An armed militia based in the Amhara region of Ethiopia has held its first joint meeting. Popularly known as Fano or Fano Amhara met in Qwara woreda of the Amhara region a few hours ago.
This is the first joint meeting of the militia. Amhara Fano, formed more than three decades ago, came under the spotlight during the ongoing Tigray conflict. The organization takes credit for pushing Tigray forces out of the Amhara region last year.
But since the military retreat of Tigray forces from the neighboring Amhara region, the militia has been under pressure. Fano Amhara has no central organisation. Multiple Fanos are operating in different parts of the Amhara region. Local commanders are in charge of these Fano factions.
National Intelligence Agency of Ethiopia (NISS) is calling for action against loosely organized but armed Amhara Fano militia. Temesgen Tiruneh (NISS) has been under fire from Fano supporters for his suggestion that the militia should come under government control.
Yesterday’s meeting was held in Qwara woreda which is in the North Gonder Zone of the Amhara region. Qwara was selected as the venue due to its historic significance. The woreda is the birthplace of Ethiopian Emperor Tewodros.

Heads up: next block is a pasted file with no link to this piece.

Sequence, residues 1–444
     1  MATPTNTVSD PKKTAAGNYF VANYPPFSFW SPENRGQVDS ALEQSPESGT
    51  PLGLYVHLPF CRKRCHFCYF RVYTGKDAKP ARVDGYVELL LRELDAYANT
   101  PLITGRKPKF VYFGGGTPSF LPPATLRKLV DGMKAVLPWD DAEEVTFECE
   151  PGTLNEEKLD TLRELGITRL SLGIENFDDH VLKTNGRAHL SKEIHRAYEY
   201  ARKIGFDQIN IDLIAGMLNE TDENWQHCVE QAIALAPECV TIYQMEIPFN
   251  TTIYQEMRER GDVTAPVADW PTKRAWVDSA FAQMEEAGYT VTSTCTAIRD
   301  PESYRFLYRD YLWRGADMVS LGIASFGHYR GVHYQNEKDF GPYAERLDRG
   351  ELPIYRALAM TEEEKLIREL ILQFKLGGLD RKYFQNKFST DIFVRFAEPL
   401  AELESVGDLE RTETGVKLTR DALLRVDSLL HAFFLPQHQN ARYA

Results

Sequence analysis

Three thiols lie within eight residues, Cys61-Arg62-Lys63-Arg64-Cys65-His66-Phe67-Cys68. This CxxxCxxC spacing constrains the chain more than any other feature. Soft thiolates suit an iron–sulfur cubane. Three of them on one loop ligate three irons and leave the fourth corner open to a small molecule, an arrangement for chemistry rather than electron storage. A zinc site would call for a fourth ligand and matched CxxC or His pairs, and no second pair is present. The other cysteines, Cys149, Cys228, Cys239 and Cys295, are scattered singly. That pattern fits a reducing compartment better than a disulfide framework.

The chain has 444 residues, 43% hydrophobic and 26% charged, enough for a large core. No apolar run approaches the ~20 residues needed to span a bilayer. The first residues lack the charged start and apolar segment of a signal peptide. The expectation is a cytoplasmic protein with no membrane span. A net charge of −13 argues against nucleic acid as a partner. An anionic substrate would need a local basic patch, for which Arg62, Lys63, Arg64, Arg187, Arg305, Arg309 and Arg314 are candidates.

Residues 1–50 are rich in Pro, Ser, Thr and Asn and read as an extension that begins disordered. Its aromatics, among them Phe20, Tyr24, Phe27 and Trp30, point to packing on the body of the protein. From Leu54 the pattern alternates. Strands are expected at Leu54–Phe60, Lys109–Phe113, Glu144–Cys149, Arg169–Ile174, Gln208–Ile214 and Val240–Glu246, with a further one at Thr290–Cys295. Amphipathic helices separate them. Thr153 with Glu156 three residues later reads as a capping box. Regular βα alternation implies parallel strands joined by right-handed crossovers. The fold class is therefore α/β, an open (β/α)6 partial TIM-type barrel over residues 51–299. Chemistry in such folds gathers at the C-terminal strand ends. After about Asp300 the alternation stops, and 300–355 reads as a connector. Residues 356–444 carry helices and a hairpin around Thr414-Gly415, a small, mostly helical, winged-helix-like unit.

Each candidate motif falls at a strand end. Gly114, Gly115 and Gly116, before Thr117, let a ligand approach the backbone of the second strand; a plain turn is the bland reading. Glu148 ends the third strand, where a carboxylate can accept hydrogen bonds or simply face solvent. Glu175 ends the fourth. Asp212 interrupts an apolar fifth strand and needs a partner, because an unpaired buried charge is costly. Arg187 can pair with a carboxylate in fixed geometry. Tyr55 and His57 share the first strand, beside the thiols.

Fano factions from Gojjem, Gondar, Jawi, Mulat Adnon Fano, Aysheshm Fano took part in the meeting. A Fano group, led by its commander Gemechu, from the neighboring Benishangul Gumuz region of Ethiopia joined the meeting too.
Fano Amhara meeting participants deliberated upon several key points including the need for central leadership, internal unity, displacement and killings of Amhara ethnic community members, and funding issues.
No central leadership of Fano Amhara was announced at the meeting.
While Ethiopian Federal Government wants to control the Fano militia, Amhara regional government has made it clear in its statements that the militia will be further strengthened and expanded and it will not be disarmed. Read more…
Two days ago, German DW TV showed Amhara Fano fighters being trained and armed in Lalibela city of the Amhara region. The TV report showed armed young boys and girls being sent to the Tigray-Ethiopia border where fighting between Tigray and Amhara forces is still going on.
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